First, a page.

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Original Research: COPD |

The Inaccuracy of Patient Recall for COPD Exacerbation Rate Estimation and Its Implications: Results from Central Adjudication

Anja Frei, PhD; Lara Siebeling, PhD; Callista Wolters, MD; Leonhard Held, PhD; Patrick Muggensturm, MD; Alexandra Strassmann, MSc; Marco Zoller, MD; Gerben ter Riet, MD, PhD; Milo A. Puhan, MD, PhD
Author and Funding Information

Gerben ter Riet and Milo A. Puhan contributed equally as senior authors.

FUNDING SUPPORT: This study is part of the prospective International Collaborative Effort on Chronic Obstructive Lung Disease: Exacerbation Risk Index Cohorts (ICE COLD ERIC) cohort study, which was supported by the Swiss National Science Foundation [Grant No. 3233B0/115216/1], Lung Foundation Netherlands [Grant No. 3.4.07.045], Stichting Astmabestrijding [Grant No. SAB 2012/043], and Zurich Lung League [unrestricted grant].

aEpidemiology, Biostatistics and Prevention Institute, University of Zurich, Switzerland

bDepartment of Internal Medicine, Zollikerberg Hospital, Zollikon, Switzerland

cDepartment of General Practice, Academic Medical Center, University of Amsterdam, the Netherlands

dInstitute of General Practice and Health Services Research, University of Zurich, Switzerland

CORRESPONDENCE TO: Anja Frei, PhD, Epidemiology, Biostatistics and Prevention Institute, University of Zurich, Hirschengraben 84, 8001 Zürich, Switzerland


Copyright 2016, American College of Chest Physicians. All Rights Reserved.


Chest. 2016;150(4):860-868. doi:10.1016/j.chest.2016.06.031
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Background  COPD exacerbation incidence rates are often ascertained retrospectively through patient recall and self-reports. We compared exacerbation ascertainment through patient self-reports and single-physician chart review to central adjudication by a committee and explored determinants and consequences of misclassification.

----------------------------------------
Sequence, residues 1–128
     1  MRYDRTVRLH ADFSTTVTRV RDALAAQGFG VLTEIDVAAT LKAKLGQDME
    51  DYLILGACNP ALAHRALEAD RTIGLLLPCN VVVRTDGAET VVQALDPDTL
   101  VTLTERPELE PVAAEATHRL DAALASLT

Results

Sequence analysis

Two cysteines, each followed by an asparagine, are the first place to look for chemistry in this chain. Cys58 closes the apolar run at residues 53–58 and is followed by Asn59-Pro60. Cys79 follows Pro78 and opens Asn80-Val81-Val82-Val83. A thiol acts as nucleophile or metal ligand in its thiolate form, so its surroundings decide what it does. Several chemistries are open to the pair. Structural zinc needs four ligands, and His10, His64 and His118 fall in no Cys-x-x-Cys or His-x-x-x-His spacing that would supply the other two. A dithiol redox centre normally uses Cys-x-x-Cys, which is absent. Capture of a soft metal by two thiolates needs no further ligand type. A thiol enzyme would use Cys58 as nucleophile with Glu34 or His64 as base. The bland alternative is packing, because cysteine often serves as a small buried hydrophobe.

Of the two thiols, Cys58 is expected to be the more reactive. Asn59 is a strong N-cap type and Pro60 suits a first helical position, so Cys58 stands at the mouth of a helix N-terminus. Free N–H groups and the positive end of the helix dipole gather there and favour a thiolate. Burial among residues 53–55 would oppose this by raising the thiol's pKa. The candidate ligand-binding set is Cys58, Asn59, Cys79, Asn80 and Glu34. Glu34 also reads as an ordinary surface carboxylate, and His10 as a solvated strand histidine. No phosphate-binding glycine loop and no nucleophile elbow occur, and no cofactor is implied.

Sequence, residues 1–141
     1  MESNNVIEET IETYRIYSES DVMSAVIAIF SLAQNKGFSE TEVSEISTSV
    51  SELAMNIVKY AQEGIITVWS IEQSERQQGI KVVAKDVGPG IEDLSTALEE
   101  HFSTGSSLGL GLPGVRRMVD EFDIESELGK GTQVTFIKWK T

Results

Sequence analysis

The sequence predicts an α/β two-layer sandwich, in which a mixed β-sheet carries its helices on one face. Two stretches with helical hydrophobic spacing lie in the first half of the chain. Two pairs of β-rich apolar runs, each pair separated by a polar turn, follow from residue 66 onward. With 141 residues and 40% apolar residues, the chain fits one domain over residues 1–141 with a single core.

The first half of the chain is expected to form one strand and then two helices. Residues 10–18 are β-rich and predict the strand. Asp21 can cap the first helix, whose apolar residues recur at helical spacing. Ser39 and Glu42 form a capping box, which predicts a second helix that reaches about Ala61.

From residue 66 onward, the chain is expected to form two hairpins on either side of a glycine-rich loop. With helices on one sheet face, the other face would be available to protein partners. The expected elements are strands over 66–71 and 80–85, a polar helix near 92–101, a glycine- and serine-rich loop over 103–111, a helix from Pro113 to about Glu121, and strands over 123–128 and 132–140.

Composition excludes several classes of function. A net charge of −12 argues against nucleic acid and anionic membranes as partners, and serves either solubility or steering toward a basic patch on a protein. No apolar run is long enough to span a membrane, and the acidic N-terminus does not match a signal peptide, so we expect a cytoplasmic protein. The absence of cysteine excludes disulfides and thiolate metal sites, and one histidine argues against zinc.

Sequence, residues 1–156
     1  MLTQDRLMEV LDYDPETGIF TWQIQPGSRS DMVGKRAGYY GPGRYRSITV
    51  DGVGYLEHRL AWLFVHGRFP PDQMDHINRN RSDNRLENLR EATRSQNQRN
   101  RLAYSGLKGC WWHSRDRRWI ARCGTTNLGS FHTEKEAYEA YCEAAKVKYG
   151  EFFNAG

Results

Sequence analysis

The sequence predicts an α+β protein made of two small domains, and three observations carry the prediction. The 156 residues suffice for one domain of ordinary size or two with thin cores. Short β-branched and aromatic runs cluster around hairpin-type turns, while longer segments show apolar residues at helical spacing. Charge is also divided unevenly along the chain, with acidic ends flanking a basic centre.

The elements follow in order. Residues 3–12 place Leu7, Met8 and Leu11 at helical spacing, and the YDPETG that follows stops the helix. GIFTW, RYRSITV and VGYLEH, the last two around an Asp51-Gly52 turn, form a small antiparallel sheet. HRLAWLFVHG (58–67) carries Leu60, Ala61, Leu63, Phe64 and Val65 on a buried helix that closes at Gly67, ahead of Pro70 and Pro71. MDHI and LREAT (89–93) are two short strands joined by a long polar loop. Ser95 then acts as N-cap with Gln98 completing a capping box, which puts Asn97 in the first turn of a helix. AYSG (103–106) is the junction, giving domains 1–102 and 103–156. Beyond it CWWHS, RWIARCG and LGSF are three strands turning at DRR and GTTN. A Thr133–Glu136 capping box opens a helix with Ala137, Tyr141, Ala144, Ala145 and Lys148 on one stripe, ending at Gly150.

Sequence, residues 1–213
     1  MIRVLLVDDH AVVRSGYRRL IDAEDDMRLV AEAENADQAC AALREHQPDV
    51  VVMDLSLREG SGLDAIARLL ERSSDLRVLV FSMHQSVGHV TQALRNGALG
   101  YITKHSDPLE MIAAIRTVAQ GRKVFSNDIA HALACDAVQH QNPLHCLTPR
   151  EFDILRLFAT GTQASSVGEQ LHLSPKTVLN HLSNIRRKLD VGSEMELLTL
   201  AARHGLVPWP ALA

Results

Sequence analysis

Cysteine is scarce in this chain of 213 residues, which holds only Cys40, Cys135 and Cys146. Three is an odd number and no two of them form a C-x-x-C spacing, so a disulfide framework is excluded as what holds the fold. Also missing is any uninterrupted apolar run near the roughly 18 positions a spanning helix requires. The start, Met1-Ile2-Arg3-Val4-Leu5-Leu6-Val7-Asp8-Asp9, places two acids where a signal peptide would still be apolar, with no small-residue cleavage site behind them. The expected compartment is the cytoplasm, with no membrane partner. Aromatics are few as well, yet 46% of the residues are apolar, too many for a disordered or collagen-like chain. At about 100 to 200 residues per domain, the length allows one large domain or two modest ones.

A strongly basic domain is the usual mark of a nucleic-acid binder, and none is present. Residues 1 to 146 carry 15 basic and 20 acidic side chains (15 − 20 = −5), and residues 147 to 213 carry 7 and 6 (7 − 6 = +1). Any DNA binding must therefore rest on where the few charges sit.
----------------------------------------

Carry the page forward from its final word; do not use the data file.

Methods  Self-reported exacerbations (event-based definition) in 409 primary care patients with COPD participating in the International Collaborative Effort on Chronic Obstructive Lung Disease: Exacerbation Risk Index Cohorts (ICE COLD ERIC) cohort were ascertained every 6 months over 3 years. Exacerbations were adjudicated by single experienced physicians and an adjudication committee who had information from patient charts. We assessed the accuracy (sensitivities and specificities) of self-reports and single-physician chart review against a central adjudication committee (AC) (reference standard). We used multinomial logistic regression and bootstrap stability analyses to explore determinants of misclassifications.

Results  The AC identified 648 exacerbations, corresponding to an incidence rate of 0.60 ± 0.83 exacerbations/patient-year and a cumulative incidence proportion of 58.9%. Patients self-reported 841 exacerbations (incidence rate, 0.75 ± 1.01; incidence proportion, 59.7%). The sensitivity and specificity of self-reports were 84% and 76%, respectively, those of single-physician chart review were between 89% and 96% and 87% and 99%, respectively. The multinomial regression model and bootstrap selection showed that having experienced more exacerbations was the only factor consistently associated with underreporting and overreporting of exacerbations (underreporters: relative risk ratio [RRR], 2.16; 95% CI, 1.76-2.65 and overreporters: RRR, 1.67; 95% CI, 1.39-2.00).

Conclusions  Patient 6-month recall of exacerbation events are inaccurate. This may lead to inaccurate estimates of incidence measures and underestimation of treatment effects. The use of multiple data sources combined with event adjudication could substantially reduce sample size requirements and possibly cost of studies.

Clinical Trial Registration  www.ClinicalTrials.gov, NCT00706602

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